On Misreading “Greater love…” (John 15:13)

In my previous post, I counseled preachers not to apply John 15:13 to war-deaths. Of course I know it is done all the time. By coincidence, an old (very old!) set of friendships is being renewed on Facebook over this issue. Below is what has transpired in the last 24 hours among me (MJG), old friend #1 (FB1), and old friend #2 (FB2).

FB1: “Greater love hath no man than this, that a man lay down his life for his friends.” – John 15:13


This Memorial Day weekend, take time to remember those who made the ultimate sacrifice for our freedom, thank those who served and serve today to preserve that freedom, and pray “that this nation, under God, shall have a new birth of freedom.”

MJG: With all due respect, FB1, wasn’t our Lord in John 15 talking about his disciples abiding in him and imitating his radical love, rather than patriots??

FB1: ?”By this everyone will know that you are my disciples, if you love one another.” – John 13:35. I choose not to dwell on the distinction between discipleship and patriotism at this time, but rather on the intersection of the same.

MJG: Once again, with all due respect, I would suggest that that is one of the most serious–and potentially dangerous choices–one can make. It’s worth thinking through again, IMHO.

FB2: Actually, Mike, Jesus was equating what he was about to do (willingly get crucified) as setting an example of the ultimate sacrifice one can exhibit. Whether for your country or your beliefs, willing offering your life still fits the example.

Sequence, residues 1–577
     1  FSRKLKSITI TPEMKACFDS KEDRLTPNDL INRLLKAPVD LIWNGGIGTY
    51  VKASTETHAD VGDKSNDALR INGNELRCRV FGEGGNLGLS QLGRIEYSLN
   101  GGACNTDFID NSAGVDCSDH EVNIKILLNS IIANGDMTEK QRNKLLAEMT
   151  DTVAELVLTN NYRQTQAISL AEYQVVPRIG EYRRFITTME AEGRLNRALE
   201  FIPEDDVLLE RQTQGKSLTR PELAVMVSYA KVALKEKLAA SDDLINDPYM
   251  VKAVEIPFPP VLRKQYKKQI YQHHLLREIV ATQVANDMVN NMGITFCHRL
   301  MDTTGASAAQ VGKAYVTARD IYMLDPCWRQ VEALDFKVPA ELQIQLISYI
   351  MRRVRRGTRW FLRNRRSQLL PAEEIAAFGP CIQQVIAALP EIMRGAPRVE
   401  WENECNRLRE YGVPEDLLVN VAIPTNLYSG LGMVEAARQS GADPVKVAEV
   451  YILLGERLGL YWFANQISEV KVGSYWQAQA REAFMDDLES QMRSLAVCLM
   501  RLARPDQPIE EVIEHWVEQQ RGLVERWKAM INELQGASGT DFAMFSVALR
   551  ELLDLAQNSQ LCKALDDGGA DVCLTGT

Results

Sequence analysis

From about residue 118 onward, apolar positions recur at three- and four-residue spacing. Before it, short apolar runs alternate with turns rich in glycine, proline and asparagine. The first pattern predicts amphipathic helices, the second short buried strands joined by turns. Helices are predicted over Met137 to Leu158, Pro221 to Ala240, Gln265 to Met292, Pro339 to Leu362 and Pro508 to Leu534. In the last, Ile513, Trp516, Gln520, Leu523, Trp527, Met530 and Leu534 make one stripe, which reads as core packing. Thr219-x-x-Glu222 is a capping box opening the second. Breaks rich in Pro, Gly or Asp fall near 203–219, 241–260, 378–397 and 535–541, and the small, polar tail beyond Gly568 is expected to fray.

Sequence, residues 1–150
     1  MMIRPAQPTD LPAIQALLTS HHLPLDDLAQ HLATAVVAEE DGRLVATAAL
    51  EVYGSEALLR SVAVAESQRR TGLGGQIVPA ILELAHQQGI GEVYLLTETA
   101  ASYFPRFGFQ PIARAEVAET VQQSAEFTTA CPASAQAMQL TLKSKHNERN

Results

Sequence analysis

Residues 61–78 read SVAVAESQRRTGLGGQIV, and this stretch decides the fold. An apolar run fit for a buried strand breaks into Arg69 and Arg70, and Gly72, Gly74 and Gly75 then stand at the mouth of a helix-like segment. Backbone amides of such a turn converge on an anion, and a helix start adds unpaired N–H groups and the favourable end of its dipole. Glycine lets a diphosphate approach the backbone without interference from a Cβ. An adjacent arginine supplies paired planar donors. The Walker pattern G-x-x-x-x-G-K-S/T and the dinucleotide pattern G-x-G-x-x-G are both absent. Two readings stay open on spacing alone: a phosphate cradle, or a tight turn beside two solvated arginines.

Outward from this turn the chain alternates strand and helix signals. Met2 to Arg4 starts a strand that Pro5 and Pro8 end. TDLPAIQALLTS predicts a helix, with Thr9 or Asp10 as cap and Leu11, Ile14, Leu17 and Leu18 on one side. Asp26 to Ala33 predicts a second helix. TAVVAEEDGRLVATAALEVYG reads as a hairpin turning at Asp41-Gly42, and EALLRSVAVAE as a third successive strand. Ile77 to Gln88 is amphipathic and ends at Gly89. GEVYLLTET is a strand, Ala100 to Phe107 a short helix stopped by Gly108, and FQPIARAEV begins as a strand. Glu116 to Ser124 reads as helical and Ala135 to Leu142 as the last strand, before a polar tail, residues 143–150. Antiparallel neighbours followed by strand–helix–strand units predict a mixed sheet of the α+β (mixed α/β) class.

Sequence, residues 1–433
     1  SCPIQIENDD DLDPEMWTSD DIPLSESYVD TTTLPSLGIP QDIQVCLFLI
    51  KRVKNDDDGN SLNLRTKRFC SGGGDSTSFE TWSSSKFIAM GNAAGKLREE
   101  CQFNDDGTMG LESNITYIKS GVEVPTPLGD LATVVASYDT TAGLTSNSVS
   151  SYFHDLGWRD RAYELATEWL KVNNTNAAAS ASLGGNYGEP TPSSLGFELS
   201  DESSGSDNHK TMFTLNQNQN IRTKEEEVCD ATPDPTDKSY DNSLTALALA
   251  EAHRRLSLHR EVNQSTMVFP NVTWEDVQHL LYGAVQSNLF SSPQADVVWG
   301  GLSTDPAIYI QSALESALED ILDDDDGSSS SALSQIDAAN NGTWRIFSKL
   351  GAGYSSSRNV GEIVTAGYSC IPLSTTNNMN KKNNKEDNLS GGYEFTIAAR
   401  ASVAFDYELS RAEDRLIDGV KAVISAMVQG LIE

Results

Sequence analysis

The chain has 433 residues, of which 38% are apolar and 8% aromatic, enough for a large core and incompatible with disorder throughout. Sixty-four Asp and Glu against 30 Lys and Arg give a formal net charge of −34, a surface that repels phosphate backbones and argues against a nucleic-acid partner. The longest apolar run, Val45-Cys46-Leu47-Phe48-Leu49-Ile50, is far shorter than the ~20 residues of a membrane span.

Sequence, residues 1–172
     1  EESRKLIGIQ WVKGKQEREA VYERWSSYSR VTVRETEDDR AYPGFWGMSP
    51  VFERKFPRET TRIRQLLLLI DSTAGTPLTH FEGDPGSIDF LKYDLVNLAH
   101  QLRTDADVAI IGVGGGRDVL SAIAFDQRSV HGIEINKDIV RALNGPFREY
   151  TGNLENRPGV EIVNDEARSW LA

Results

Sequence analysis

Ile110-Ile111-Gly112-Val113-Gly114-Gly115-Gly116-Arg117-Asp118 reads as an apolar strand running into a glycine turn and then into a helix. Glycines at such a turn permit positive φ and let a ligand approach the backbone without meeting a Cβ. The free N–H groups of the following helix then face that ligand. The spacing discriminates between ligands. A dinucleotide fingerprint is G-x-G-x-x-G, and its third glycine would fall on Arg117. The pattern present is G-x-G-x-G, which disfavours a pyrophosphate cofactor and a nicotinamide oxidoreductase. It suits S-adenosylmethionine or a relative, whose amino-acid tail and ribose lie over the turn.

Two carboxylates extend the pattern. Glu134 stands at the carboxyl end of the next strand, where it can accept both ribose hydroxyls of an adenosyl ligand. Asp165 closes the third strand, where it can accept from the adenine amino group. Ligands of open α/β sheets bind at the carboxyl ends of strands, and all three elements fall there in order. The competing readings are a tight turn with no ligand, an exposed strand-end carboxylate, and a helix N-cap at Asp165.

MJG: FB2, I would agree that Jesus is setting an example, but he is speaking to his disciples about their willingness to die for one another and for him, as disciples, in their mission in the midst of a hostile world. (See the rest of John 13-17.) He is not enunciating a general principle but articulating a potential consequence of being his friend in the world that killed him. Applying this to other kinds of deaths robs it of its meaning for mission and discipleship. Jesus is not creating a proverb (“dying for friends is a loving thing to do”) but borrowing and radically redirecting one.

FB1: “Enter through the narrow gate. For wide is the gate and broad is the road that leads to destruction, and many enter through it. But small is the gate and narrow the road that leads to life, and only a few find it.” – Matthew 7:13-14

To expand upon my admittedly oblique point, I believe it is easier (the broad road) to compartmentalize our faith. In so doing, many have isolated themselves to some extent from the world and the issues of the world. But I make the more dangerous (narrow road) choice of integrating my faith with my life to the extent that God grants me courage, so that all of my words and actions may be brought under the Lordship of Christ. Thus, I focus on the intersection of my faith and my patriotism.

MJG: FB1, I certainly agree that our lives should not be bifurcated, and that all of life is to be brought under the Lordship of Christ. But as a good friend of mine says, “If Jesus is Lord, Caesar is not.” Or, to put it differently, the reign of God and the Lordship of Christ challenge all our other allegiances. More to the contextual point about the quote from John, I think Jesus is telling his disciples (and therefore us) that his kingdom is indeed worth dying for. But other kingdoms do not have the right to demand our bodies and ultimate allegiances, at least in part because their claim on our dying includes a corollary, inextricable, and ultimately unChristian claim on our killing. In other words, the church is called to make and honor martyrs, not soldiers.